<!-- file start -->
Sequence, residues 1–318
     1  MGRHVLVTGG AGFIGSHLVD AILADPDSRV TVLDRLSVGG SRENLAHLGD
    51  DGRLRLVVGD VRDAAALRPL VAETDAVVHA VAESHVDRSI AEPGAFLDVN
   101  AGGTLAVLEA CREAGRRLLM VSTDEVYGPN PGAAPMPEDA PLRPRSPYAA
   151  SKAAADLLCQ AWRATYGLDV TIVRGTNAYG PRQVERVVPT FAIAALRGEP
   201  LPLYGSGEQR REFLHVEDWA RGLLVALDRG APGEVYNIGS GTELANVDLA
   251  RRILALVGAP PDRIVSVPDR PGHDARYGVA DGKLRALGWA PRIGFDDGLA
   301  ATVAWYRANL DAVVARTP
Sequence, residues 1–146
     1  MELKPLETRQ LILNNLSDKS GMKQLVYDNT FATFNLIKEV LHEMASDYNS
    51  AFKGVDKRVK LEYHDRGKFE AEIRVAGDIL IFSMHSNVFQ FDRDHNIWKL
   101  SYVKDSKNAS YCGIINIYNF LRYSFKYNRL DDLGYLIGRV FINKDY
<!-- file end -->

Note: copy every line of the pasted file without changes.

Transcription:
Sequence, residues 1–318
     1  MGRHVLVTGG AGFIGSHLVD AILADPDSRV TVLDRLSVGG SRENLAHLGD
    51  DGRLRLVVGD VRDAAALRPL VAETDAVVHA VAESHVDRSI AEPGAFLDVN
   101  AGGTLAVLEA CREAGRRLLM VSTDEVYGPN PGAAPMPEDA PLRPRSPYAA
   151  SKAAADLLCQ AWRATYGLDV TIVRGTNAYG PRQVERVVPT FAIAALRGEP
   201  LPLYGSGEQR REFLHVEDWA RGLLVALDRG APGEVYNIGS GTELANVDLA
   251  RRILALVGAP PDRIVSVPDR PGHDARYGVA DGKLRALGWA PRIGFDDGLA
   301  ATVAWYRANL DAVVARTP
Sequence, residues 1–146
     1  MELKPLETRQ LILNNLSDKS GMKQLVYDNT FATFNLIKEV LHEMASDYNS
    51  AFKGVDKRVK LEYHDRGKFE AEIRVAGDIL IFSMHSNVFQ FDRDHNIWKL
   101  SYVKDSKNAS YCGIINIYNF LRYSFKYNRL DDLGYLIGRV FINKDY